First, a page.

The National Labor Relations Board (NLRB) has been a thorn in HR’s side for some time now — and things might get even more confusing if the Supreme Court gets involved. 

Lynn C. Outwater, senior partner at Jackson Lewis LLP, spoke at the recent Society for Human Resource Management annual conference in Chicago about the crisis consuming the NLRB these days — and where things stand with the board’s current views.

What a mess

There are no two ways around: There’s controversy brewing in the NLRB.

It all comes back to recess appointments that President Obama made to the board in 2012. Congress claims Obama’s appointments were illegal — Congress was still in session. Obama has countered that Congress was only pretending to be in session. It all amounts to a giant headache for everyone involved.

But why does it matter to HR?

The issue: The NLRB has continued to remain active while the issue has been winding its way through the court system. In fact, there have been over 600 board decisions made since Obama made the appointments.

Now, the case may get picked up by the Supreme Court. And depending on how they rule, the Supremes may find that the NLRB has had no authority to be active this whole time — and those 600-plus cases may get wiped clean.

That said, as of now, there’s nothing HR or companies can do except be aware of it — and be sure that if you have any cases before the NLRB anytime soon, that your counsel is aware of the situation.

In the meantime, HR pros across the country should absolutely continue to abide by the NLRB’s “totally surprising” and “unusual decisions,” as Outwater put it.

Luckily, there are ways around some of the board’s more complicated rulings to make sure you’re in compliance. Here are three, courtesy of Outwater:

1. At-will statements

Many HR pros were stunned when the NLRB began going after company handbooks — especially because the language that the NLRB was taking issue with was the same language that employment lawyers had been urging firms to use for years.

The issue: The NLRB claimed that certain at-will statements could be construed by employees to mean that staffers couldn’t join a union without fear of altering their employment status.

So what qualifies as a lawful at-will statement? Use this write-up, courtesy of Outwater:

Nothing in this [Handbook] changes this at-will relationship, guarantees you a benefit, creates a contract of continued employment or employment for a specified term, or any contractual obligation that conflicts with the [Employer’s] policy that the employment relationship with its employees is at-will.

No representative of the [Employer] other than a[n Employer] executive has the authority to enter into any agreement for employment for a specified duration or to make any agreement for employment other than at will. Any such agreement that changes your at-will employment status must be explicit, in writing, and signed by both a[n Employer] executive and you.

The NLRB continues to take on more at-will statement cases every month, according to Outwater, so there’s no excuse for not auditing your handbook now and revising yours to include this lawful language.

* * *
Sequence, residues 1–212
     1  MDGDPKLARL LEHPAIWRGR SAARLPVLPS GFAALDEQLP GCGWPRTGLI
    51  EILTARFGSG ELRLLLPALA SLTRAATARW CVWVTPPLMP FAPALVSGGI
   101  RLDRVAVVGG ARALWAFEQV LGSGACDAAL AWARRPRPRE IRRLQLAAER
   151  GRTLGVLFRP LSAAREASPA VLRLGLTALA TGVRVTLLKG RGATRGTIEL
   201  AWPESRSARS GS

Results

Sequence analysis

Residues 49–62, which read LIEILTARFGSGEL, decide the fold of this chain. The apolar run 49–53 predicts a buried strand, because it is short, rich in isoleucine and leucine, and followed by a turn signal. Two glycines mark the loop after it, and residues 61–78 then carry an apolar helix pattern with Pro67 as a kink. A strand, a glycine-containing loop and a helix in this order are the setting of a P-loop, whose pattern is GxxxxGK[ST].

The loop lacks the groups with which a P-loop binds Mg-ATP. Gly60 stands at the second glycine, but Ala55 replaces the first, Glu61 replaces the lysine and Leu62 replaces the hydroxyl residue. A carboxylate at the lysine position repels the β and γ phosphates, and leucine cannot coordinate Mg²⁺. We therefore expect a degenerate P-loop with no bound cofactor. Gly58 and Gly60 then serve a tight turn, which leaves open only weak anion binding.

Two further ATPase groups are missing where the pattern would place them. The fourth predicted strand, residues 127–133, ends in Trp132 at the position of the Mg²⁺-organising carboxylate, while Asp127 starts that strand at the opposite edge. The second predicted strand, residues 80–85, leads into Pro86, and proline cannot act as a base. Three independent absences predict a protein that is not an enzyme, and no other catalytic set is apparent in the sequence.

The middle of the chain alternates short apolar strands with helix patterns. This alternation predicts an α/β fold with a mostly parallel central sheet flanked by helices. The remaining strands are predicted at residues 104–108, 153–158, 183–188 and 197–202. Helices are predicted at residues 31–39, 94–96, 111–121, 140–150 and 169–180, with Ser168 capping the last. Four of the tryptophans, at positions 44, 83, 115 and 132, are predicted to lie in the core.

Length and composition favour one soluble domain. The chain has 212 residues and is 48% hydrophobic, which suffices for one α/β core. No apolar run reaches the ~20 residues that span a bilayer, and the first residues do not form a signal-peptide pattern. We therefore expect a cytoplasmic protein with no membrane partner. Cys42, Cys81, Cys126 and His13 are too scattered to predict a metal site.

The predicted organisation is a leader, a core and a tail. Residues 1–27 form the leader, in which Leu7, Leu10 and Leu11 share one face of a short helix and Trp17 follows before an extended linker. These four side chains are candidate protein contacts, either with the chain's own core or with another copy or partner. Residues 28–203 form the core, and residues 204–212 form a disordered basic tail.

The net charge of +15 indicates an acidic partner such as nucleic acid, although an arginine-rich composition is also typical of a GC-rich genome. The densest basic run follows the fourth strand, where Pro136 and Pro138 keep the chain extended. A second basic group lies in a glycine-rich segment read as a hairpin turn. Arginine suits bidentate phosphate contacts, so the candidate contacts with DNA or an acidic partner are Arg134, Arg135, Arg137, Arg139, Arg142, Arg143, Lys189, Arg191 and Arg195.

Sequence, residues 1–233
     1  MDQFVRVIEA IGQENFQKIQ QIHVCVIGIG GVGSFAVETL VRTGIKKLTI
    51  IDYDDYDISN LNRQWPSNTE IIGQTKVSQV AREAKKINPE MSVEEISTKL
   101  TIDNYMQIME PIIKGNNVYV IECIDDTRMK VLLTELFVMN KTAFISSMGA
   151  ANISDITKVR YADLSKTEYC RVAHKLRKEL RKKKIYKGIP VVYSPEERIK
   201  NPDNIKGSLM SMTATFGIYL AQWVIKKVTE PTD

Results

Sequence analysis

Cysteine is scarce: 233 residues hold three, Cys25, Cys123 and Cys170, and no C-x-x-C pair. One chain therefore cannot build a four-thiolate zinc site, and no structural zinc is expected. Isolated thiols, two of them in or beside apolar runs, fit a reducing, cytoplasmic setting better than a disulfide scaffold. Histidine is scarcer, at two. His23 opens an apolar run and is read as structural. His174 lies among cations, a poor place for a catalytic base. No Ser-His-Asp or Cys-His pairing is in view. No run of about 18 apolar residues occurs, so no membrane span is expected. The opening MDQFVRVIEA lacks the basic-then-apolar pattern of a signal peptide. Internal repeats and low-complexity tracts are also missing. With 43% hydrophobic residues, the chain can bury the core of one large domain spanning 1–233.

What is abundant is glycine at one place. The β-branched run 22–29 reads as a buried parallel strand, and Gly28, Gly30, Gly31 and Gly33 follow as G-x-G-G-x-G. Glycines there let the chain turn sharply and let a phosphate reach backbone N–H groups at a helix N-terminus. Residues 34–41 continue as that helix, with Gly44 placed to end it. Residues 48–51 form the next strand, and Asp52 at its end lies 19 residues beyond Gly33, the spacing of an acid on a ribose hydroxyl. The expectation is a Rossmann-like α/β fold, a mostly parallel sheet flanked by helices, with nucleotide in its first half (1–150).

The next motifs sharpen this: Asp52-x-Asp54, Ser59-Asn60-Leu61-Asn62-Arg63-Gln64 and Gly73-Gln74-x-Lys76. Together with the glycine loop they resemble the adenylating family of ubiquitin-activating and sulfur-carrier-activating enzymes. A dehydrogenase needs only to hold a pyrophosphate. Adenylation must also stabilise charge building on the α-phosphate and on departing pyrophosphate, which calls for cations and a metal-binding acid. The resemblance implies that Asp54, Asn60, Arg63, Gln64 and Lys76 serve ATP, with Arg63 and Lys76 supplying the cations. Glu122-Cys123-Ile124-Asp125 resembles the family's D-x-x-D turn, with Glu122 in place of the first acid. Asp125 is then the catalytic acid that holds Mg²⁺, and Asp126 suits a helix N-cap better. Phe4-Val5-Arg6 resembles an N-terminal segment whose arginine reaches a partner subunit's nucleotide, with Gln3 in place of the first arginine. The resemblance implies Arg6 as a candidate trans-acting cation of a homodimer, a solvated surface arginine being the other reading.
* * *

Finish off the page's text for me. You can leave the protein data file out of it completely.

2. Confidentiality in investigations

Confidentiality during workplace investigations has become the norm for almost every company. But the NLRB says that the mere suggestion that an employee cannot communicate with fellow staffers could violate the National Labor Relations Act.

That said, it can be legal, under some circumstances, to require confidentiality during an investigation, depending on:

  • the severity of the allegation
  • whether a person needs protection against retaliation
  • whether protection against destruction of evidence is required
  • whether any testimony is in danger of being fabricated
  • whether there is a realistic need to prevent a cover up, and
  • whether to particularize the instruction.

3. Social Media Policies

Every HR pro knows the headaches the NLRB has caused for companies and their HR policies.

Thanks to what feels like millions of decisions on social media cases, the following are just some of the things your social media policy should not include:

  • Telling employees that if they are in doubt about whether to post something, “DO NOT POST” but rather check with company’s attorney or legal department.
  • A policy that suggests that employees not “pick fights” online and to communicate in a “professional tone.”
  • Advising employees that they are “encouraged to resolve concerns about work by speaking with co-workers, supervisors or managers.”
  • Telling employees that they can’t publish online “material non-public information” or “confidential or proprietary” information.
  • Prohibiting employees from making “disparaging or defamatory comments.”

So where should HR go from here? Here are four tips, courtesy of Outwater, to ensure your policy is in line:

  • Review employee handbooks and other workplace policies NOW to insure current policies are lawful in light of recent NLRB actions
  • Tips for a legally policies in light of NLRB’s new policing efforts:
    • Avoid overly broad provisions that could be reasonably construed to prohibit protected conduct
    • Consider adding a specific disclaimer limiting the policy provisions so that they do not hinder employees’
    • Right to engage in protected concerted activity – but not sufficient on its own
  • Review social media and other policies regularly in light of changes in technology and in the law
  • Conduct executive/management training

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